BENTON — A class action lawsuit brought by plaintiffs in Missouri and Illinois accusing Massage Envy Franchising, LLC, of causing injury to its clients and using unfair and deceptive practices was dismissed in federal court on June 9.

District Judge David R. Herndon dismissed the class action lawsuit brought by Kathy Haywood of East St. Louis and Lia Holt of Missouri. 

Holt and Haywood alleged that they and other customers of Massage Envy Franchising (MEF), a franchisor based in Scottsdale, Ariz., had been injured and deceived by the company because they received only 50 minutes of actual massage time during sessions advertised as one-hour. 

The plaintiffs allege that MEF franchises in O’Fallon, Ill., and Oakville, Mo., failed to properly notify customers that roughly 10 minutes of each one-hour session would be used for consultation and dressing.

Herndon found that the “MEF cannot be held liable for the actions of independent franchisee’s employees.” 

Additionally, Herndon ruled that neither plaintiff could show that they suffered actual pecuniary loss or injury according to Illinois or Missouri statutes. 

Consequently, Herndon dismissed the case with prejudice.

Haywood claimed she visited the O’Fallon Massage Envy franchise on May 11, 2016, after receiving a $75 e-gift card from her daughter. 

According to the MEF website, the gift card was enough to pay for a one-hour massage session.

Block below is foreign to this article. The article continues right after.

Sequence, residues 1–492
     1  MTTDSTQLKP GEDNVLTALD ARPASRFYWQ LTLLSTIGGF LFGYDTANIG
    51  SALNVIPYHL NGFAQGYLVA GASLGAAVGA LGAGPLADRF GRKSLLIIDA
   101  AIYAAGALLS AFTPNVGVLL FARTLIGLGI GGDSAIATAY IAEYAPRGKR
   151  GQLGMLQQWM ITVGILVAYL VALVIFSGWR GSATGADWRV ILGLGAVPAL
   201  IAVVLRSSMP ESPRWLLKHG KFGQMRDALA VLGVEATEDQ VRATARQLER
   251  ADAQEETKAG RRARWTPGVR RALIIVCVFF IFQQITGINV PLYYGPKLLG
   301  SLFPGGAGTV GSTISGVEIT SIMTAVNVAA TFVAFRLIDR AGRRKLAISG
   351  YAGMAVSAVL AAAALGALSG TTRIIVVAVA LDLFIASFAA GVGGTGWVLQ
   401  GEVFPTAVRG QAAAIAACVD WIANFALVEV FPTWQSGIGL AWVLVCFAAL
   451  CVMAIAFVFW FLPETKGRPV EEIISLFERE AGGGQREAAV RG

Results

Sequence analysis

Haywood reportedly only received 50 minutes of actual massage time. Afterward, Haywood booked a second appointment at the same franchise on Sept. 8, 2016, and experienced the same result. 

Although she said the gift card stated that each session included “time for consultation and dressing,” Haywood claimed this information appeared only in fine print at the bottom of the email containing the gift card, and was not made publicly available by employees or signs posted onsite. 

Haywood subsequently filed a class action complaint against MEF on Sept. 27, 2016.

Holt booked a one-hour massage appointment at the Oakville Massage Envy franchise sometime around April 2012. 

She also claimed she only received about 50 minutes of massage time. 

On Nov. 14, 2016, Holt and Haywood together filed an amended complaint on behalf of Missouri and Illinois consumers, alleging MEF violated the Illinois Consumer Fraud Act (ICFA) and the Missouri Merchandising Practices Act (MMPA) through the use of unfair and deceptive practices. MEF filed a motion to Dismiss and Strike on Dec. 15, 2016.

On June 12, Herndon granted MEF’s motion for dismissal. 

While noting that MEF encouraged franchise employees to speak with customers about the time given to dressing and consultation in each massage session, Herndon found that MEF could not be held liable for the failure of employees at individual franchises to do so. 

He also found that Haywood’s “disappointment does not rise to the level of actual damages under the ICFA” and therefore, “her claim must be dismissed for failure to state an ICFA violation.” 

Similarly, Herndon dismissed Holt’s claims, citing that she failed to prove according to the MMPA that “she received a value that was worth less than what she paid, and therefore, cannot show the existence of a substantial injury to herself or others.” 

U.S. District Court for the Southern District of Illinois case number 3:16-cv-01087-DRH-SCW.

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